Because it is a public resource created by and for the entire XSL community, we do not edit XSL-List. Therefore, it is the responsibility of list subscribers not to post anything to the list that they do not want publicly available, possibly for a very long time.
Postings in the list archives will be complete, including: all contents, examples, sample data, code or code fragments, and email header and footer contents. An automated process will obscure the domain portion of email addresses (the part after the @ sign).in the headers and footers of postings, but no guarnantee is made that this process will be completely successfull. Other than this, all postings will be archived in public as received.
Further, we at Mulberry could not, even if we wanted to, edit all of the archives of XSL-List. Several third-parties have created unofficial archives of XSL-List, often without asking, or even informing, Mulberry. Postings to XSL-List will be included in an unknown and ever-changing variety of web publications. If you don’t want your questions/comments/answers in public view, don’t post them to XSL-List.
XSL-List messages are archived at http://www.biglist.com/lists/xsl-list/archives/.
Third parties are welcome to create searchable or reference archives of XSL-List provided they adhere to the following guidelines:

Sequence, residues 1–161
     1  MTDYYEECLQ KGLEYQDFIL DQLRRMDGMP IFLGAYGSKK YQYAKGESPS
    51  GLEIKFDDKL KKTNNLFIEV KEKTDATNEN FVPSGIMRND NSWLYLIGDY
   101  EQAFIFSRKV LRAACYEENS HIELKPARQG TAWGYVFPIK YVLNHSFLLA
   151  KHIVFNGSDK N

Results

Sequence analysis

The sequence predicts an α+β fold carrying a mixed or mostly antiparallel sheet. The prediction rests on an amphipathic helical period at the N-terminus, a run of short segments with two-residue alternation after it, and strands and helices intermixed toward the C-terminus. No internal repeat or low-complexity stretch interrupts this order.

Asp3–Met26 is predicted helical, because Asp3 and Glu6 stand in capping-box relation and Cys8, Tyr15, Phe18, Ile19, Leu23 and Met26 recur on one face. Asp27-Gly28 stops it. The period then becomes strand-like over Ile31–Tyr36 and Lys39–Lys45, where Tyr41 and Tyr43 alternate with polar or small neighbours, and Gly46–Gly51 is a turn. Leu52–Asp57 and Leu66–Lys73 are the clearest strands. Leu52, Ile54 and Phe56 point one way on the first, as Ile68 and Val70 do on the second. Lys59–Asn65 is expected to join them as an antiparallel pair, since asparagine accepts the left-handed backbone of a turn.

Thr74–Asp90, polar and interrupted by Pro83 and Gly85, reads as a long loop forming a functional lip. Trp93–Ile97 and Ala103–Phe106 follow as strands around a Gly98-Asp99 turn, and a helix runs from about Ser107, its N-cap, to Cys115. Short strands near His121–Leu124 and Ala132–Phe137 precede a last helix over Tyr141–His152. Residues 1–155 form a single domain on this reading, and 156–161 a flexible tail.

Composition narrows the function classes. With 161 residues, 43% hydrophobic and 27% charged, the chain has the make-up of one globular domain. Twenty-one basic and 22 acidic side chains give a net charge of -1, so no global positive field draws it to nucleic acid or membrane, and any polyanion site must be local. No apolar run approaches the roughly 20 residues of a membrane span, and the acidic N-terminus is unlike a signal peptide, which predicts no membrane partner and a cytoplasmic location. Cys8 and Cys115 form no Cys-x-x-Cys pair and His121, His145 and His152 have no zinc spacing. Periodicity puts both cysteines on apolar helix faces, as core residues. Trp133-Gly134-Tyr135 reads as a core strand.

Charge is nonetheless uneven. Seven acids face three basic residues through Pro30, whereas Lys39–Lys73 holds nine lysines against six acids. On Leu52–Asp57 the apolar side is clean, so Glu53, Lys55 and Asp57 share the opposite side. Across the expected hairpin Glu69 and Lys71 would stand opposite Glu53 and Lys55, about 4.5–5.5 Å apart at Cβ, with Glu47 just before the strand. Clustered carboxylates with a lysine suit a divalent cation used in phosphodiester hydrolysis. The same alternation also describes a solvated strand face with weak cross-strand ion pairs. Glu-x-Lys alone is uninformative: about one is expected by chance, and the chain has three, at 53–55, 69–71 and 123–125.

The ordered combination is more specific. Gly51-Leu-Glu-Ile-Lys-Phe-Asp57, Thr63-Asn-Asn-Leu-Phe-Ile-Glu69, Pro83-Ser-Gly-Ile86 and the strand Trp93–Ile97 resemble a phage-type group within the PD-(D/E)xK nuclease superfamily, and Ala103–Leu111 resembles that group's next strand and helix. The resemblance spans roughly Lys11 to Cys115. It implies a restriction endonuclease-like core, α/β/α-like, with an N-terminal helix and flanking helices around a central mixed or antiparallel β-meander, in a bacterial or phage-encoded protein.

- The material is clearly labelled as being from XSL-List, with an acknowledgement of Mulberry’s role as provider of XSL-List.
- There is a navigable pointer to the official list page at http://www.mulberrytech.com/xsl/xsl-list/ either on every posting or associated with the user interface such that it is visible with the postings.
- List postings are unedited.
- Either the entire archive of the list is provided, or there is a clearly stated method for selecting the subset of the list that is provided.
Mulberry does not provide third parties with help to create their archives, does not endorse particular third party archives, and has no control over the ways in which they present the material in their systems.
People or organizations that publish the contents of XSL-List without following the guidelines above are being very antisocial. Please bookmark either the official XSL-List archive or one provided by a service that plays nicely in the community and shun those who do not give credit where credit is due.
To unsubscribe from XSL-List, use the form at http://www.mulberrytech.com/xsl/xsl-list/subscribe-unsubscribe.html.
To unsubscribe from XSL-List Digest, use the form at http://www.mulberrytech.com/xsl/xsl-list/subscribe-unsubscribe.html.
If you stop receiving XSL-List messages, you may have been removed because mail to you was bouncing. You are not being picked on, and you can just rejoin the list.
Bugs in software should firstly be reported to its author rather than to the XSL List. Questions regarding how to work around bugs are welcome, but the list does not function as a bug-tracking system for any software.
Dave Pawson’s XSL FAQ is at http://www.dpawson.co.uk/xsl/.
The W3C information on XSL is at http://www.w3.org/Style/XSL/.
An excellent source of information about XSL is the XSL page of Robin Cover’s SGML/XML Web Page at http://xml.coverpages.org/xsl.html.
Mulberry’s XSLT 1.0 and XPath 1.0 Quick Reference is at http://www.mulberrytech.com/quickref/.
Mulberry Technologies, Inc., also provides DSSSList – the DSSSL Users’ Mailing List. For subscription information and the DSSSList archive, see http://www.mulberrytech.com/dsssl/dssslist.